Breakwaters are NOT the Solution

Singer Island, FL (March 22, 2011)– Palm Beach County Commission voted 5-2 today to have Environmental Resource Management (ERM) withdraw its 1.1 mile permit to construct breakwaters offshore of Singer island. The $30-50 million project, would have involved the construction of 11 limestone and granite structures placed in 12 feet of water, designed to dissipate beach erosion.
Because of the downfalls in project planning and design, the Palm Beach County Commissioners have requested staff to drop its permit seeking to install these breakwaters off the coast of Singer Island and no longer continue the pursuit of other county breakwater projects. The breakwaters are a significant threat to the geological and biological coastal systems, would adversely affect sea turtle nesting and increase down drift erosion, and are a beachfront subsidy that taxpayers would have to pay for. The proposed breakwaters would have been the largest of its kind in Florida. This type of breakwater structure has been unsuccessfully implemented in the Miami area (32nd Street), and has caused serious erosion problems for beaches south of the structures.

“Surfrider Foundation has been actively opposed to this project for six years and will continue to actively engage with agencies and the county when it comes to beach management decisions. Structures are harmful to the environment and have dangerous side-effects that were not adequately addressed by ERM or their engineers. Ultimately this is not a fiscally responsible solution, especially when public money is being used to protect private property,” stated Greg Lyon, chair of Surfrider Foundation Palm Beach County.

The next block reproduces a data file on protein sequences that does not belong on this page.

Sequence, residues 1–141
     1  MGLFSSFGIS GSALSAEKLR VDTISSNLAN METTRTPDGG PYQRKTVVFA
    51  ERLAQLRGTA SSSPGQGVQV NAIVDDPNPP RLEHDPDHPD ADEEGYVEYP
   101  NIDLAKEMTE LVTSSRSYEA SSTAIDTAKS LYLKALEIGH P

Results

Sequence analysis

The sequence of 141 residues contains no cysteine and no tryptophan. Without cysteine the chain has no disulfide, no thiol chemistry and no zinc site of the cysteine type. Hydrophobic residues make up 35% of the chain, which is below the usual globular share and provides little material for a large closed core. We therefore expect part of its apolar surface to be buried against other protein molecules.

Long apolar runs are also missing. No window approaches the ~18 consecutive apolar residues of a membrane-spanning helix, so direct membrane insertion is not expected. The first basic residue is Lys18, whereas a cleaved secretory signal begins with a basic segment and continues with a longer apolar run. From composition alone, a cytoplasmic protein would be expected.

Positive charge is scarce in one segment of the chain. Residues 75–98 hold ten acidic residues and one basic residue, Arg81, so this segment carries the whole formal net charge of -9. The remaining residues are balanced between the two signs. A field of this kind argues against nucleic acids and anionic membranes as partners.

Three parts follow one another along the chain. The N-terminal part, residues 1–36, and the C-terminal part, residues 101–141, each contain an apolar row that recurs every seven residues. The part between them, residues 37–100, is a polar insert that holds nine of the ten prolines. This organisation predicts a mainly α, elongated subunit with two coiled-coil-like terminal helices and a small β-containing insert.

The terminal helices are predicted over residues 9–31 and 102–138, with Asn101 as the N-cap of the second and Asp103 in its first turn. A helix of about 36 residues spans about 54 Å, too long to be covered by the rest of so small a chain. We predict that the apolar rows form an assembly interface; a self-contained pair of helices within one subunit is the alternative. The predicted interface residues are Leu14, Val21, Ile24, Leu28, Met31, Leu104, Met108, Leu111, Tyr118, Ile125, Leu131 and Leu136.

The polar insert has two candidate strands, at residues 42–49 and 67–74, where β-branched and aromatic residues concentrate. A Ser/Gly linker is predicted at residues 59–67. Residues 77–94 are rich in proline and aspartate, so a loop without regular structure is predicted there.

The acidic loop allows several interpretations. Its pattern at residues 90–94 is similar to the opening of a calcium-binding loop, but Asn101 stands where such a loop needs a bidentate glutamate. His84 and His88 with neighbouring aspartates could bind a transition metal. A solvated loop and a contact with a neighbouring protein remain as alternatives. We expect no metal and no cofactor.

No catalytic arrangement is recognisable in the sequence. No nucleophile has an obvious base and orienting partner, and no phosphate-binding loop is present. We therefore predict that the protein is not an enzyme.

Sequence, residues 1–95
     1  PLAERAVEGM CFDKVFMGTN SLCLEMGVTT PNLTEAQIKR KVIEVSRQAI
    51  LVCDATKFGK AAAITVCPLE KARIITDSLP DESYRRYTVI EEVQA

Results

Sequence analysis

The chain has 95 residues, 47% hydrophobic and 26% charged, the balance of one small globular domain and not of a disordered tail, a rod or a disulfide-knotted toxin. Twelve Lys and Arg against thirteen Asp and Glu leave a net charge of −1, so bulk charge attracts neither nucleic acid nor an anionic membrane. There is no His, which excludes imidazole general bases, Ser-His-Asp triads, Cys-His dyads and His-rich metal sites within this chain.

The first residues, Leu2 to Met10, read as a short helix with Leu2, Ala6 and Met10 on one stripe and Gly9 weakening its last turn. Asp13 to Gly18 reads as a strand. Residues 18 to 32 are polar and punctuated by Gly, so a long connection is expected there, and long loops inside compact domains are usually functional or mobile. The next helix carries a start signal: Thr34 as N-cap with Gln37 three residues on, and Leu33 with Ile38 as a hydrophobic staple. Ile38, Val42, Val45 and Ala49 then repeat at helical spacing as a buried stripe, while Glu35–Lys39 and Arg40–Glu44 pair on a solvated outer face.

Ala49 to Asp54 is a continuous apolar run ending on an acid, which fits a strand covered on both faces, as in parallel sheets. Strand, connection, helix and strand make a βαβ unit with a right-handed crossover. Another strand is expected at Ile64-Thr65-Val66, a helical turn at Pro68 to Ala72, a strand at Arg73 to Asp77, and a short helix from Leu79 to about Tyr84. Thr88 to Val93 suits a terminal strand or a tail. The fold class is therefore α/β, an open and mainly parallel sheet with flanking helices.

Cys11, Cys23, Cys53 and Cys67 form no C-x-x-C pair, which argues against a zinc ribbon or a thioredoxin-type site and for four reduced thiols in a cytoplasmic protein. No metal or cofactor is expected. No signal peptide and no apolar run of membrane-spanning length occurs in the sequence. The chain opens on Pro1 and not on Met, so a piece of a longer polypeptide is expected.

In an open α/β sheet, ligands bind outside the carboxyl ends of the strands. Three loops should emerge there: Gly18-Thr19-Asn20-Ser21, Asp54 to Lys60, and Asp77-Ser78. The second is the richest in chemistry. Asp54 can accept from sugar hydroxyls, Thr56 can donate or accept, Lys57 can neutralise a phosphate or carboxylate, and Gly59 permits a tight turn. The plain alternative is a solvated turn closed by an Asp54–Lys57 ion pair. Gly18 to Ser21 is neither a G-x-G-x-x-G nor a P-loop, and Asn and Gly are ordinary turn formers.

Per the previous ACOE’s analysis of the permit application and design by Humiston & Moore Engineers, it was determined that the breakwaters would be harmful to sea turtle nesting, reduce the survival rate of sea turtle hatchlings, destroy valuable hard bottom breeding grounds for fish populations, would have created a hazard for swimmers and boaters, and would accelerate erosion to beaches south of the project. “We hope that our state agencies will use these examples as to why such structures should not be considered as an acceptable management strategy along our coastline,” stated Todd Remmel, Vice-Chair of Surfrider Foundation Palm Beach County.

About Surfrider Foundation
The Palm Beach County Chapter of the Surfrider Foundation is a grassroots, 501(c)(3) non-profit, environmental organization dedicated to the protection and enjoyment of our oceans, waves, and beaches, for all people, through conservation, activism, research and education.

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